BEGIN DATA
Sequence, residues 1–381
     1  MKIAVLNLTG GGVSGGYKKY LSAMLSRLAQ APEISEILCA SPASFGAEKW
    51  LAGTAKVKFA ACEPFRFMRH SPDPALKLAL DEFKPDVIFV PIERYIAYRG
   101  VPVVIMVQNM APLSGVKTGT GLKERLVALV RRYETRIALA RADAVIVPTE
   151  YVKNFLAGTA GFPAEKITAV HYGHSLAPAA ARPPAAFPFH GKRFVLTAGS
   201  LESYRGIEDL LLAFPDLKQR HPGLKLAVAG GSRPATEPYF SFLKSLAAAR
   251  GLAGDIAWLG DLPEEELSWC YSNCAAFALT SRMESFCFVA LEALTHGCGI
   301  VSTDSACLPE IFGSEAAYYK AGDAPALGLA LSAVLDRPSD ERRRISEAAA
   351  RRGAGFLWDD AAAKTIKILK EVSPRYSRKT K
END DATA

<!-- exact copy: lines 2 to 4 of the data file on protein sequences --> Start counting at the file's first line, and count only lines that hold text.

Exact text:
     1  MKIAVLNLTG GGVSGGYKKY LSAMLSRLAQ APEISEILCA SPASFGAEKW
    51  LAGTAKVKFA ACEPFRFMRH SPDPALKLAL DEFKPDVIFV PIERYIAYRG
   101  VPVVIMVQNM APLSGVKTGT GLKERLVALV RRYETRIALA RADAVIVPTE